And yet, looking at things from the other side, what of the value in the work, say, of such blatantly political artists as Ed Kienholz, with his Vietnam or abortion or mental hospital pieces? “As it happens,” Beasley replied, “I knew Ed quite well and for a long time, going all the way back to our shared participation in that Art of Assemblage show at MOMA in the early sixties, and I admired him enormously, even went to visit him on occasion up at his compound in Hope, Idaho—that NonWar Memorial piece of his I think is one of the great political statements of the last century. And I want to be clear on this: I am not criticizing other ways of being a political artist. It’s just that I myself am singularly devoted to abstraction for its own sake, to the pure expressive potential of shape and form. That has fueled my creative endeavors and marked my life as an artist. But I am also a singularly dedicated citizen. And both facts should be able to co-exist.”
I pressed back a bit more. What of someone like Robert Irwin, the great Light and Space master and seemingly one of the least conventionally political artists ever, so emphatic is he in focusing on perception itself as the pure subject of his art, that and perhaps coaxing the viewers of that art to perceive themselves perceiving—what of his claim that expanding people’s perceptual capacities necessarily expands their ability to perceive both the reality and the interconnectedness of the world around them, and as such has decidedly political implications?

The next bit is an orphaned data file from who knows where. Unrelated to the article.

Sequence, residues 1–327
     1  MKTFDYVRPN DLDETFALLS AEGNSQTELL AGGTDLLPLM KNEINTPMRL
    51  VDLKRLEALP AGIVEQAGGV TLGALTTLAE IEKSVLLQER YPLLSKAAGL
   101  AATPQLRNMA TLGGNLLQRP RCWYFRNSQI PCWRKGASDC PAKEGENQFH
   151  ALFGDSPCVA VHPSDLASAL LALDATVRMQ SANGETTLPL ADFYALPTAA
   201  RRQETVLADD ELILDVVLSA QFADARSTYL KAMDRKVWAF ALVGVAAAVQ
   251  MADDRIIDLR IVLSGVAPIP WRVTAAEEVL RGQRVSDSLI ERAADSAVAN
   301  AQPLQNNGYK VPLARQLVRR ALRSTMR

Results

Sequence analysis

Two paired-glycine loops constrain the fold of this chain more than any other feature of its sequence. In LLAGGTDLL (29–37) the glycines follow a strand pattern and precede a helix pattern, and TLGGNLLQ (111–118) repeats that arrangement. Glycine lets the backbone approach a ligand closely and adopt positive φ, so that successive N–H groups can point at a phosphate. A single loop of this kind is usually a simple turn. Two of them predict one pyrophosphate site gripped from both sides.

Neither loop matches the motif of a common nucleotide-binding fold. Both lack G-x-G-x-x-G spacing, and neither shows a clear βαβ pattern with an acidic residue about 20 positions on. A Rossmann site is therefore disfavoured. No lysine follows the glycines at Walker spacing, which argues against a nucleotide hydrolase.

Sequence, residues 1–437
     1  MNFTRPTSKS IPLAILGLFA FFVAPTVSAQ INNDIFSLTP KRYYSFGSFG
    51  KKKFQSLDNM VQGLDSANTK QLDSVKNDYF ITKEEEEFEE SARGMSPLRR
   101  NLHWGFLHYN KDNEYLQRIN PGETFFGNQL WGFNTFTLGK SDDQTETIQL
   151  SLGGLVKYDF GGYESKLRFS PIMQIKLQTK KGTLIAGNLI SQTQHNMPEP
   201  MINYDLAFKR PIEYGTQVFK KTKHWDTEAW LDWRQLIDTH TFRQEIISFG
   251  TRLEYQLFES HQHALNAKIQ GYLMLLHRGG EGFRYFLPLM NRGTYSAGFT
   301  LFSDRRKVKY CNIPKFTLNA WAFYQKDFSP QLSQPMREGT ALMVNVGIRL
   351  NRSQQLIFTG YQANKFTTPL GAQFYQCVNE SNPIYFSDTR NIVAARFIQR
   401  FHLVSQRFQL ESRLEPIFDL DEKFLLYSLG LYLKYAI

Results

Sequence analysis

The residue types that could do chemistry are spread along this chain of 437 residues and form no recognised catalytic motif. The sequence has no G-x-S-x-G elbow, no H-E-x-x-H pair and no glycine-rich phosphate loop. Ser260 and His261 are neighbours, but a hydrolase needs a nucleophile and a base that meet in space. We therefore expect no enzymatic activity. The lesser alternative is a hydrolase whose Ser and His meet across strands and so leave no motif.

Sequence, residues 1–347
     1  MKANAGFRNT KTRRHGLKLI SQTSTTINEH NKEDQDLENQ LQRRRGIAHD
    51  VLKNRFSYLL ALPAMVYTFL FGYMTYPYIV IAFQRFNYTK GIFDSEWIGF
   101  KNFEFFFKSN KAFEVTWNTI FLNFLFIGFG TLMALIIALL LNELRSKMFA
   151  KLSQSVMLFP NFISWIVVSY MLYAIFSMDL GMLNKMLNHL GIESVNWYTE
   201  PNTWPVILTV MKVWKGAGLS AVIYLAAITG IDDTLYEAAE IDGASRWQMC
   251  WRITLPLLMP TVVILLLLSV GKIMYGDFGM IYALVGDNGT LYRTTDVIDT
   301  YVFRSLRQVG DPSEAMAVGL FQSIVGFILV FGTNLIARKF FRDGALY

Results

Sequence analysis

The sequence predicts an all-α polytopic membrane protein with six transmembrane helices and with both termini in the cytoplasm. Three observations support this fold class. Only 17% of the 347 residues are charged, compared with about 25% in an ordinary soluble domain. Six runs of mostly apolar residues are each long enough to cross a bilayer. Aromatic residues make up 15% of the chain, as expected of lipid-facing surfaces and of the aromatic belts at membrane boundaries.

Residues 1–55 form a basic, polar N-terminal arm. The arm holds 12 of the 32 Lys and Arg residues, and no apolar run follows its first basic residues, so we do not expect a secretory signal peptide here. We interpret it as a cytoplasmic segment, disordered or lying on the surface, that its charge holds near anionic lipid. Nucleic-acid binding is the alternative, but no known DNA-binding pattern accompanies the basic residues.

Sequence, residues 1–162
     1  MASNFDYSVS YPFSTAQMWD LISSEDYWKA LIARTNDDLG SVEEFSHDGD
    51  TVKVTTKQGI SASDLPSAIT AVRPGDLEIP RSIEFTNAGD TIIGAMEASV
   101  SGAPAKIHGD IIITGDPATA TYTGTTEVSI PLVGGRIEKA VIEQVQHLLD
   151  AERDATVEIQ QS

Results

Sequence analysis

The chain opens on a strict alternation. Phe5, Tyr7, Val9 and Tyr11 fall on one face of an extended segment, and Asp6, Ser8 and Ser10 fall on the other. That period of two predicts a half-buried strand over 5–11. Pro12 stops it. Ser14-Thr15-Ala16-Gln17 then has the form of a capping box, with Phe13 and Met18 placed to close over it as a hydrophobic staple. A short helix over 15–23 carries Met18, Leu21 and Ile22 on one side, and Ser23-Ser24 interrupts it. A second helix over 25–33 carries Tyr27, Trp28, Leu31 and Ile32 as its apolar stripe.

“Well,” Beasley responded, “I guess I just don’t see how I address my civic responsibility by making beautiful things, in the hope perhaps of bringing out a more refined political sensibility in the viewer. I feel that if you see an injustice, you need to respond to it directly.”
The room began to darken, a harbinger of the coming evening.